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Losartan is a widely used medication known for its effectiveness in treating high blood pressure and kidney problems. Understanding the pharmacokinetics and pharmacodynamics of Losartan is essential for maximizing its benefits.

Overview of Losartan

Losartan is a medication commonly used to treat high blood pressure (hypertension) and to protect the kidneys in patients with type 2 diabetes. It belongs to a class of drugs known as angiotensin II receptor blockers (ARBs), which work by blocking the action of angiotensin, a substance in the body that narrows blood vessels and increases blood pressure.

Losartan is typically taken orally in tablet form and is well-absorbed in the gastrointestinal tract. After absorption, it reaches peak blood levels within about 1 hour.

How Losartan Works

Losartan works by blocking the action of angiotensin II on its receptor, called the AT1 receptor. By blocking this receptor, losartan helps dilate blood vessels, which reduces blood pressure and improves blood flow. This mechanism of action is crucial in managing hypertension and protecting organs, such as the kidneys, from damage due to high blood pressure.

Overall, losartan is a widely used and effective medication for managing high blood pressure and protecting organ function in patients with certain medical conditions.


Losartan is well absorbed from the gastrointestinal tract, with peak plasma concentrations achieved within 1 hour after oral administration. The bioavailability of losartan is approximately 33%. Food intake does not significantly affect the absorption of losartan.

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Losartan is highly bound to plasma proteins (about 99%) and has a volume of distribution of approximately 34 liters. The drug undergoes extensive hepatic metabolism to form the active metabolite, E-3174. The metabolism of losartan is primarily mediated by the cytochrome P450 enzyme CYP2C9.

The elimination half-life of losartan is about 2 hours, while that of its metabolite, E-3174, is approximately 6-9 hours. Both losartan and its metabolite are primarily excreted in the urine, with only a small fraction of the dose excreted unchanged in feces.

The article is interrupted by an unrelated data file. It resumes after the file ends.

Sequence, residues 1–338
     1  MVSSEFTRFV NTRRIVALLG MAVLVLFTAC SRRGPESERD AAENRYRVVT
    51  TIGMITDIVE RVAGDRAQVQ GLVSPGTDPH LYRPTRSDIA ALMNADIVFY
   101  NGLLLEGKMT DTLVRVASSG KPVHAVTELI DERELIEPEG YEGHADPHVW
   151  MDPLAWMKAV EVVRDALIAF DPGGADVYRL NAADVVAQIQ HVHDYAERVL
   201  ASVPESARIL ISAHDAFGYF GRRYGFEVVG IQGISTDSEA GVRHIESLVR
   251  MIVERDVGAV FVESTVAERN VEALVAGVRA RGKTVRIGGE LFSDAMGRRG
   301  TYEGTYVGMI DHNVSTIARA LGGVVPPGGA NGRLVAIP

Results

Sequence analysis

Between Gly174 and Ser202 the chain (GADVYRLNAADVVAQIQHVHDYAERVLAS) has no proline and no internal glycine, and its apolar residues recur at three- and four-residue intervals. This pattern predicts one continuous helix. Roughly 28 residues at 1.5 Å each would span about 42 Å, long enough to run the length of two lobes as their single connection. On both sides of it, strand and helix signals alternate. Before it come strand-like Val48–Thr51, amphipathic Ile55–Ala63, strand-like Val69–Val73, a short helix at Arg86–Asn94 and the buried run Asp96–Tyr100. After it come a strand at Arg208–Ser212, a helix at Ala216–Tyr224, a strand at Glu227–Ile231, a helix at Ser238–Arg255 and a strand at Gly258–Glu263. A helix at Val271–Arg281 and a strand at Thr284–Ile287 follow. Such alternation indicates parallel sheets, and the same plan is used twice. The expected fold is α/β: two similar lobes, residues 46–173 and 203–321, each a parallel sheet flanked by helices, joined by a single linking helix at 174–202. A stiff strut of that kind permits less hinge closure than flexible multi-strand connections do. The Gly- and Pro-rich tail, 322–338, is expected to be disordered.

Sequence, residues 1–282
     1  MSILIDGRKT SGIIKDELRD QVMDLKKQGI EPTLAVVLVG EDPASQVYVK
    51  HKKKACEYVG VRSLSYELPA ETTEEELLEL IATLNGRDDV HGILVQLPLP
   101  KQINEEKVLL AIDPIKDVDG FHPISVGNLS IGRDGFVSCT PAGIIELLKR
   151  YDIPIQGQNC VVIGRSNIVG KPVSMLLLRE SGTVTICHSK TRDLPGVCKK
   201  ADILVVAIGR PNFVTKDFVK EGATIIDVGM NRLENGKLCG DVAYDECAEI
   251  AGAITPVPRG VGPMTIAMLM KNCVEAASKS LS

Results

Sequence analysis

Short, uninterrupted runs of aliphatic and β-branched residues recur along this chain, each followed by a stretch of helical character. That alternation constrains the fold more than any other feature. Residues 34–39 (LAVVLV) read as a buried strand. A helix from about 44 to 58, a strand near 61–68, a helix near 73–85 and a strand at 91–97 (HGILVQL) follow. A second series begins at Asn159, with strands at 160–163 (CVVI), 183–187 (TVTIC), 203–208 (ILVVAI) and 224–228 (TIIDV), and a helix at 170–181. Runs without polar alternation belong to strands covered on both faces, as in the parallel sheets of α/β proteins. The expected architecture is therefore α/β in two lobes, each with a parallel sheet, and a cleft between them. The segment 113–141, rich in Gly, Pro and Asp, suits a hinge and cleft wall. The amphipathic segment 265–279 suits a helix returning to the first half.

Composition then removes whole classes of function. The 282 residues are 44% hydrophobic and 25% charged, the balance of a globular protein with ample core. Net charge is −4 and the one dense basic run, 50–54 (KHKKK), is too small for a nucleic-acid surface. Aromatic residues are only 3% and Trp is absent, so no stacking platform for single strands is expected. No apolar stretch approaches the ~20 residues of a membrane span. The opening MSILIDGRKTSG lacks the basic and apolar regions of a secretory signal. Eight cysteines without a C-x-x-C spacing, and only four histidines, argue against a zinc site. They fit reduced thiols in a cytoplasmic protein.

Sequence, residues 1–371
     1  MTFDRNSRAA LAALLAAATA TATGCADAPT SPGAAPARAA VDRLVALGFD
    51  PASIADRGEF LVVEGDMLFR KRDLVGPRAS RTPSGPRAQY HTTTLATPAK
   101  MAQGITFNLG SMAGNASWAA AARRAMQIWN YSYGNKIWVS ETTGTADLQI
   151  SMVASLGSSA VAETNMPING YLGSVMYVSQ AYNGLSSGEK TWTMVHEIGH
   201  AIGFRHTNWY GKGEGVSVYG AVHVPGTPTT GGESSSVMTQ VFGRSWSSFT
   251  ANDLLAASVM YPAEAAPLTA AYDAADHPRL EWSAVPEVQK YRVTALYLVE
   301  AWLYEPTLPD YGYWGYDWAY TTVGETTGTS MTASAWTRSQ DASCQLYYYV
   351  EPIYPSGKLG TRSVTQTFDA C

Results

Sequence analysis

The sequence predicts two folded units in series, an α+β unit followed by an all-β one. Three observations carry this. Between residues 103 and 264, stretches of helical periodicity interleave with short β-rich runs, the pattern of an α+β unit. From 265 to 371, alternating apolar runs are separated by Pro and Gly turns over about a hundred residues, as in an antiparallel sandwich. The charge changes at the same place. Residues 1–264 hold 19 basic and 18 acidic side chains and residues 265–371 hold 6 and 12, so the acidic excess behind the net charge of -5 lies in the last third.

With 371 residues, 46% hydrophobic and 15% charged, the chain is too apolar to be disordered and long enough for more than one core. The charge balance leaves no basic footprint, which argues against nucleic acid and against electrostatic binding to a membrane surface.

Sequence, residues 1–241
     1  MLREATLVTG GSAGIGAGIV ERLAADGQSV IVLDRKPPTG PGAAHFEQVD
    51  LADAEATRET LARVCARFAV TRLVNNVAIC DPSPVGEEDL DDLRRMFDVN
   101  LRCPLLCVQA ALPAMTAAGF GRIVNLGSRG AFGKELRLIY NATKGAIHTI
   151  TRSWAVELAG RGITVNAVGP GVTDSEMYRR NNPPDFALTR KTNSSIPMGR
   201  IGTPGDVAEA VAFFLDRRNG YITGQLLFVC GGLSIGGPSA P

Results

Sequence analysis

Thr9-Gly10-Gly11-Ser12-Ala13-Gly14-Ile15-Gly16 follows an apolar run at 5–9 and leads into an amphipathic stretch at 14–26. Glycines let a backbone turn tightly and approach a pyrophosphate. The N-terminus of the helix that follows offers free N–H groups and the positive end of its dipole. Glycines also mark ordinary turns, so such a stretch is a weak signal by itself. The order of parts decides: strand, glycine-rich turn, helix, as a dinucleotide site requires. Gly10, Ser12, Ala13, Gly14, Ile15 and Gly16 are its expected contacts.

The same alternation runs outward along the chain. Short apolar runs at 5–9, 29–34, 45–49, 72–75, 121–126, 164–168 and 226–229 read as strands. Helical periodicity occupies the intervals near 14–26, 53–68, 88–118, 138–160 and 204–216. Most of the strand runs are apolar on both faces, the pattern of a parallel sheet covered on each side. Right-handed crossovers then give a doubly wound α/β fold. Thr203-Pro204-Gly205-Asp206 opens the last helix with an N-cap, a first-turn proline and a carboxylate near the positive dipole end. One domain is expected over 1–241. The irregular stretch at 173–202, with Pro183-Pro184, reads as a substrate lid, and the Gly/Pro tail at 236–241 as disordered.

The pharmacokinetics of losartan are linear and dose-proportional over the therapeutic dosage range. In patients with impaired hepatic function or renal insufficiency, the pharmacokinetics of losartan may be altered, requiring dosage adjustments.

Absorption of Losartan

Losartan is well absorbed after oral administration, with peak plasma concentrations occurring within 1 to 2 hours. The absolute bioavailability of losartan is about 33%, primarily due to first-pass metabolism in the liver. Food intake does not significantly affect the absorption of losartan, so it can be taken with or without food.

After absorption, losartan undergoes extensive biotransformation in the liver to form its active metabolite, E-3174. This metabolite has a much greater affinity for the angiotensin II type 1 receptor than losartan itself, contributing to the overall pharmacological effects of the drug.

The absorption of losartan is not affected by age, gender, or race, but it may be delayed in individuals with hepatic impairment. Therefore, dosage adjustments may be necessary in patients with severe liver disease to ensure therapeutic efficacy and safety.

In conclusion, the absorption of losartan is rapid and efficient, leading to the generation of its active metabolite responsible for its pharmacological effects. Understanding the absorption kinetics of losartan is essential for optimizing its therapeutic use in the management of hypertension and other cardiovascular conditions.